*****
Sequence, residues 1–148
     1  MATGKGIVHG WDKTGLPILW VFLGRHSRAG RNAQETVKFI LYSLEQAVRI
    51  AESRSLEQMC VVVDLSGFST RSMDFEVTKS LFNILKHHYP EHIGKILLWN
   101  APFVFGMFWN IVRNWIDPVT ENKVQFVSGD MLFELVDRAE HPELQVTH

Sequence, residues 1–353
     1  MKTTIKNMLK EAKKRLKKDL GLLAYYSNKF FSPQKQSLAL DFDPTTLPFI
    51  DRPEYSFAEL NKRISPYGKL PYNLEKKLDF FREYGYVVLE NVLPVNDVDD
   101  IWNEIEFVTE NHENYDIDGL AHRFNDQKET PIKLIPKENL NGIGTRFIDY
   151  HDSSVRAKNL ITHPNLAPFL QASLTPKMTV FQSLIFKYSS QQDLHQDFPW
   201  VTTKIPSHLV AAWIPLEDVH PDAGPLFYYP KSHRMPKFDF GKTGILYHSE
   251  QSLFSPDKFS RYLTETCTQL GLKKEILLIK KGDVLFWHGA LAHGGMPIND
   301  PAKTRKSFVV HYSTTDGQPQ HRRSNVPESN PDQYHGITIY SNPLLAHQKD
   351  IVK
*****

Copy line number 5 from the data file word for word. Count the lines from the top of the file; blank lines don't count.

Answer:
Sequence, residues 1–353